Pirate Television

Pirate Television Timeline:

1968: in his manual for revolutionaries, Steal this book, Abbie Hoffman has a short subsection 'Guerilla Television' in which he launches the idea of "breaking into broadcast-tv signals with your own transmitter"
1970: Une expérience de «télévision sauvage» (télévision de quartier, dont le but est de lutter contre le monopole de l'ORTF) est réalisée dans l'immeuble Maine-Montparnasse à Paris, avec deux caméras vidéo et une régie, par l'ACT et l'Unité Pédagogique 6 de l'école des beaux-arts de Paris.
1971: Michael Shamberg publishes Guerilla Television.
Douglas Davis performs Talk-Out!, a three-hour interactive telethon co-sponsored by the Everson Museum and WCNY-PBS. "viewers participated in the creation of a collaborative text by phoning into the artist who, live, and on camera, literally typed their responses to his text onto the screen in a continuous, superimposed text roll."

April, 1986: Captain Midnight breaks into a cable television broadcast for 4 minutes.
November 22 1987: The Max Headroom incident - a "video pirate" wearing a Max Headroom mask breaks into the signal of a Chicago TV station for about 90 seconds.
1988 - 1992: Despite the difficulties, the group "Piratskoe Televidenie" (Pirate Television, 1988-92) in Petersburg produced alternative, eccentric and mostly illogical television programs which were to be fed into the state television channels with the help of military broadcasting equipment. (Arns/Broeckmann)
1988: Osnabrück: first Van Gogh TV event (pirate TV).
March 1990: In Leipzig, Kanal X, East Germany’s first pirate TV station, begins broadcasting.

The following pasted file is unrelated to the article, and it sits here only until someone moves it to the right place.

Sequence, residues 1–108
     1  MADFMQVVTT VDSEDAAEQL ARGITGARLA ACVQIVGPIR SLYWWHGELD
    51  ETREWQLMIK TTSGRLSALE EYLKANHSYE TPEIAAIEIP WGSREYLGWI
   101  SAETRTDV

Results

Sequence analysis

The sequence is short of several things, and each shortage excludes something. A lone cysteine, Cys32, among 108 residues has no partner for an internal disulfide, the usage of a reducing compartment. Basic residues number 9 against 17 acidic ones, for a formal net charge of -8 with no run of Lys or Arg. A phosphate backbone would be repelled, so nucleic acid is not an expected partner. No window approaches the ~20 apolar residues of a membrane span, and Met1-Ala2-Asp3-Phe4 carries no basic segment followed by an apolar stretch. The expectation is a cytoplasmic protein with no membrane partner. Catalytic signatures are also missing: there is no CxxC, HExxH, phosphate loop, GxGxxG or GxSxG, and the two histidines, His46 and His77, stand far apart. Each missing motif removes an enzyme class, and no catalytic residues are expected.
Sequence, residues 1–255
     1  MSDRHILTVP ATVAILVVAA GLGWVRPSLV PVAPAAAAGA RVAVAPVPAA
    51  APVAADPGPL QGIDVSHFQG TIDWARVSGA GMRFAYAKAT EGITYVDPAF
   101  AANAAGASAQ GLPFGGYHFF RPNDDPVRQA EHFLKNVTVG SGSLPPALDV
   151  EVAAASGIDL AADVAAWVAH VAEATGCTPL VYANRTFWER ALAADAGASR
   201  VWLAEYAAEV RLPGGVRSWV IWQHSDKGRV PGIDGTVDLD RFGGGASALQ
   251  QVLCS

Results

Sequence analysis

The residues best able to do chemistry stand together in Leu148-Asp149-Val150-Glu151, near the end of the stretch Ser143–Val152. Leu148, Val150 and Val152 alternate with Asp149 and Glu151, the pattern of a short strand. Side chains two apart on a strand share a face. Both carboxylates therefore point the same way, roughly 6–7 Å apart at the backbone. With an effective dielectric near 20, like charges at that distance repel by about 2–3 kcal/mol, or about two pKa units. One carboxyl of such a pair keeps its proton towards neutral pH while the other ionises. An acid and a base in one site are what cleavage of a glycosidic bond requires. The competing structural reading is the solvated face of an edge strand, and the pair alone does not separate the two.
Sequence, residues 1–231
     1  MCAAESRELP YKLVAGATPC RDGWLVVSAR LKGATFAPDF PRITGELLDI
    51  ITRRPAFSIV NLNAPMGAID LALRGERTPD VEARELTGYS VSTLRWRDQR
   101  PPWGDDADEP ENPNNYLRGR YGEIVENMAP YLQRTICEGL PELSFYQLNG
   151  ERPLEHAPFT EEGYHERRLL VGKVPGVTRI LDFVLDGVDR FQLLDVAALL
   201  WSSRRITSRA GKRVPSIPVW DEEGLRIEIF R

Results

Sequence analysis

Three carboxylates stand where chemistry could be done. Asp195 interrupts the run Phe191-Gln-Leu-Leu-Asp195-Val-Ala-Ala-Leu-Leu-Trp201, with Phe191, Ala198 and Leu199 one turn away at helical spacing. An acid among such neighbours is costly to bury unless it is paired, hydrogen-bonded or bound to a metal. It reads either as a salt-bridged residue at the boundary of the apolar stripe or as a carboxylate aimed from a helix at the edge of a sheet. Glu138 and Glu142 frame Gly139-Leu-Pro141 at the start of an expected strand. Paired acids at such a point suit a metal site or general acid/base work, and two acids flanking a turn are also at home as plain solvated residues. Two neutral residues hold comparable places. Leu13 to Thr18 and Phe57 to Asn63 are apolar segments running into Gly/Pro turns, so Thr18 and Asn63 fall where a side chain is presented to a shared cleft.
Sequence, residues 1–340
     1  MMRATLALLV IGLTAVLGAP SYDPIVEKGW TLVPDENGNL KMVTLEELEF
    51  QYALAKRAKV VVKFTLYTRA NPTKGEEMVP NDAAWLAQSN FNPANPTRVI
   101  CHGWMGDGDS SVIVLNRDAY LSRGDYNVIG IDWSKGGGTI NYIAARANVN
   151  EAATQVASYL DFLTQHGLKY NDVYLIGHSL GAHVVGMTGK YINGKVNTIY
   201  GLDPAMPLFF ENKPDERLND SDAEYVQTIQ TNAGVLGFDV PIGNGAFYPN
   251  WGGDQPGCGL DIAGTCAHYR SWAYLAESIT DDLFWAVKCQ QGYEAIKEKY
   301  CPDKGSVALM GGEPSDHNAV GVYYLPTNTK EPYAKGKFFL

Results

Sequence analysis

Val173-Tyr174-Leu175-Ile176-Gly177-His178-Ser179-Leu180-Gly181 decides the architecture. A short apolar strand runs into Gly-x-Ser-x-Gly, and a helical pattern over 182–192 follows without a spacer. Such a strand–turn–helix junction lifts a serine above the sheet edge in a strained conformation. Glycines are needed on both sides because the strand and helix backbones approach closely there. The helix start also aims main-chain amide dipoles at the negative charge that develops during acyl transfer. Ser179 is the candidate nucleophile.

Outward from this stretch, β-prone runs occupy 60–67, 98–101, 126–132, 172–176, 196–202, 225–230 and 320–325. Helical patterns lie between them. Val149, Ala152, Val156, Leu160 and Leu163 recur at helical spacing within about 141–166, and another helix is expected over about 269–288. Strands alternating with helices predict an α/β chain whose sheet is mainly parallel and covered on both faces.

1990: Ars Electronica: Hotel Pompino (live television project by Van Gogh TV).

Spring 2004: TV-HACKING! - Experimental TV projects by !Mediengruppe Bitnik, Zürich.
2007: StreeTV Fribourg, public TV project by Anyma.
2008: WWTV aka WatchyWalky.tv - upcoming project.

"Abbie Hoffman in 1968, in his manual for revolutionaries of those days Steal this book, had a short subsection 'Guerilla Television' in which he launched the idea of "breaking into broadcast-tv signals with your own transmitter", but he failed to explain how it technically should be done.

In Western Europe there was very little thinking about the potential of the new information technology, McLuhan was widely quoted, but more used to support a existing negative attitude towards the new media, especially in 'progressive' left circles. With this anti-technology attitude the imagination didn't go much further than the technical knowledge. So when proposals were made it was mostly for the use of pirate radio.

This is clearly expressed by the French Situationist movement that in a manifesto about 'New forms of struggle against politics and art' in 1967 speak about 'Guerrilla in the mass media', say it is "an extremely important form of struggle", but they come up with little more than the example of "Argentineans who seized the control deck of a giant neon sign' in Buenos Aires and "broadcast their own recommendations to society at large on it". The manifesto continues with "Anyone who was thinking of having a crack at radio or TV studios had better get a move on as it won't be long before they're actually guarded by the army". Practically the Situationist then propose to go into pirate radio and they gave an example of the use of pirate radio in Denmark. (...)

"Amplifying an idea is easy when the social space is ready for it, impossible when it's not", is a conclusion reached in the book Guerrilla Television), using central antenna systems in apartment buildings, video in meditation and therapy, setting up of a videocassette network, use of cable television." (Tjebbe van Tijen)


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Page last modified on Tuesday 05 of February, 2008 19:27:58 CET by 1.0.